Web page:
In 2017, Taranaki collector Alastair Johnson found the fossil of a giant petrel. Initially, it was encased in rock but careful preparation revealed something stunning. Not only was it a complete skull but it was the first fossil ever found of an intriguing kind of seabird. Two years later, Alastair found part of a wing bone of a giant petrel too. Both fossils are 3 million years old. Vertebrate Curator Alan Tennyson and Research Fellow Rodrigo Salvador describe the distinctions and fierce habits of giant petrels.
New DNA research by Science Researcher Lara Shepherd and Vertebrate Curators Colin Miskelly and Alan Tennyson has revealed parallel evolution in the small seabirds called prions. This unexpected result requires recognition of an eighth species of prion. Their research also revealed that all the birds formerly known as ‘fulmar prions’ are endemic to Aotearoa New Zealand. This means that we have gained two additional endemic bird species, and Australia has lost a breeding species.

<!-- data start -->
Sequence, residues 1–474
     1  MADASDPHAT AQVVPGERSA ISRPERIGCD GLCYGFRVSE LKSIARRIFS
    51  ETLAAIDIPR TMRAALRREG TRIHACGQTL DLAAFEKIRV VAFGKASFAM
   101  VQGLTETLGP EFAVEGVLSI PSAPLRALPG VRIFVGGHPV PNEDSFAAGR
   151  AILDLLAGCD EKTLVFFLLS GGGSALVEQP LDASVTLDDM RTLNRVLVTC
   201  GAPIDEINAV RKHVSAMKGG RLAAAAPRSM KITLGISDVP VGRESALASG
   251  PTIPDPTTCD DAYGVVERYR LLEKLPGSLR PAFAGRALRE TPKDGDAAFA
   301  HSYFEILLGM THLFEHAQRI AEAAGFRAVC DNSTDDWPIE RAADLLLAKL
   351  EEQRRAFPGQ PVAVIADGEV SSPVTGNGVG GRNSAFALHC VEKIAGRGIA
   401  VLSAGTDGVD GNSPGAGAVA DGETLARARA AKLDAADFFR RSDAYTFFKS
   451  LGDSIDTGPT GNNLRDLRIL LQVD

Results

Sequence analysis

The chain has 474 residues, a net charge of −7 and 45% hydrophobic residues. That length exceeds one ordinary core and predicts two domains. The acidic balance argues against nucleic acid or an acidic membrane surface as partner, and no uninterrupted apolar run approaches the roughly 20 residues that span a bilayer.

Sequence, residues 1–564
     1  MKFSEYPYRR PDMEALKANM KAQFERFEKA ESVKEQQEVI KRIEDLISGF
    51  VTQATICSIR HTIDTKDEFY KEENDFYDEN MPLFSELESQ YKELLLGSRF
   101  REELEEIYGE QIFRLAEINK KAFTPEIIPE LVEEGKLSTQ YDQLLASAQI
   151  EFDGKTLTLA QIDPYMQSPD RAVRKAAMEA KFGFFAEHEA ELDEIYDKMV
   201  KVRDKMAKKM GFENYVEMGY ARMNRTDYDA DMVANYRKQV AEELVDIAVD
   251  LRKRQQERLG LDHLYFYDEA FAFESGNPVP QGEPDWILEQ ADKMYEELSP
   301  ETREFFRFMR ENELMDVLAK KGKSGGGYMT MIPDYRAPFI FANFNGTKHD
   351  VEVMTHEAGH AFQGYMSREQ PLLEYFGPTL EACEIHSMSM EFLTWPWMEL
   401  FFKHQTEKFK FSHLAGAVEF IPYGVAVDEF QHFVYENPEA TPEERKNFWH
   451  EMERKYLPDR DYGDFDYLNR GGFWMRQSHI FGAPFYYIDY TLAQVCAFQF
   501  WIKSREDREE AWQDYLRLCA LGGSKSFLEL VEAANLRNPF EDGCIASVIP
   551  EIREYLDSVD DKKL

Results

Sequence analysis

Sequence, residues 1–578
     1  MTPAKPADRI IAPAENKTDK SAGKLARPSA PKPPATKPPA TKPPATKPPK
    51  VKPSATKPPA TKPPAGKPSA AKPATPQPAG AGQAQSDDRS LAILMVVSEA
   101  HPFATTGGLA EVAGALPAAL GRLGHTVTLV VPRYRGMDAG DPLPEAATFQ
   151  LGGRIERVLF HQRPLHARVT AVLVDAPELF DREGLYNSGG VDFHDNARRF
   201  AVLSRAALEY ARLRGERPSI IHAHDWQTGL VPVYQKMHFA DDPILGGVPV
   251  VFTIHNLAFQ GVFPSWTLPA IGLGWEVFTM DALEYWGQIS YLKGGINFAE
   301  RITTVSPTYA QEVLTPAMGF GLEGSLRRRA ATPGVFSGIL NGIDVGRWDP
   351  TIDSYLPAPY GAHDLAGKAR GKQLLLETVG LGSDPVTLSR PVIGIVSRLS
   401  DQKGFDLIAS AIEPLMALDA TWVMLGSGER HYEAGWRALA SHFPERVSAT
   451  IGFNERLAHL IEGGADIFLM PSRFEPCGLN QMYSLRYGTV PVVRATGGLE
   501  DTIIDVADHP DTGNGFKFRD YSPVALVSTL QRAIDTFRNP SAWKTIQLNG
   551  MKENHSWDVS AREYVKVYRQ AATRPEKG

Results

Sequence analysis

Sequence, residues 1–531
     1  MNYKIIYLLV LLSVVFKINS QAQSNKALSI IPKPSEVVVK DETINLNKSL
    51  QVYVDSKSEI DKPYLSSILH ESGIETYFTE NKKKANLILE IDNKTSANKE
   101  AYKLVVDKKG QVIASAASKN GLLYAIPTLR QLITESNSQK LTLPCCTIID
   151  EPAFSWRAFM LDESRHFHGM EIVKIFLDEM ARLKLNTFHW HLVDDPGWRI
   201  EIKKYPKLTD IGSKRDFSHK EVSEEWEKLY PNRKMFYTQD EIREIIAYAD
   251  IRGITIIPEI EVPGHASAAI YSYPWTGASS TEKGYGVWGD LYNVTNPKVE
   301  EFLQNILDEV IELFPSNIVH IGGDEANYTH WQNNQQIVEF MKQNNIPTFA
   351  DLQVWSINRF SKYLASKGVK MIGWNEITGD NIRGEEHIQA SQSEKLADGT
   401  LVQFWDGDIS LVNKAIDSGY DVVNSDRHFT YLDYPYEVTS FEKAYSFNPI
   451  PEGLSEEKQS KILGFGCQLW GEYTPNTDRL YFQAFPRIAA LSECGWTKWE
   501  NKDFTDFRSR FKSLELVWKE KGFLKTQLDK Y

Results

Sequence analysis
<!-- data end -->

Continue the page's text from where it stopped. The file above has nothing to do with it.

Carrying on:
This month, Curator Vertebrates Alan Tennyson and the Department of Conservation’s Johannes Fischer, published a scientific paper that clarified the identity of a common subantarctic seabird. Alan explains why this was necessary and what a surprising and incredible history this research revealed.
In 2011, Alastair Johnson was hunting for fossils on a remote beach in Taranaki. Three-million-year-old fossil oysters and scallops are common but remains of vertebrates are much rarer. However, on this occasion, something magical appeared out of the rock – the most complete fossil albatross skull ever found. Curator of vertebrates Alan Tennyson tells us more.
On 16 October 2014 Te Papa hosted tyrannosaur expert Dr Stephen Brusatte who revealed the newest members of the tyrannosaur family to an enthusiastic audience. We heard about his global travels to dig up fossils and the latest research on tyrannosaur diversity and evolution. Only this year Steve helped describe
A study published in the journal Science today reveals a new and unexpected origin for New Zealand’s iconic kiwi and overturns the previous idea that the ancestors of kiwi flew directly over from Australia (see Miocene fossils show that Kiwi are probably not phyletic dwarves, Paleornithological Research 2013, and St Bathan’s
This was one of the key questions that we were trying to answer when four Te Papa scientists – Colin Miskelly, Antony Kusabs, Jean-Claude Stahl and I – set off for the subantarctic Snares Islands in November-December 2013. The Snares are one of the world’s great seabird islands and broad-billed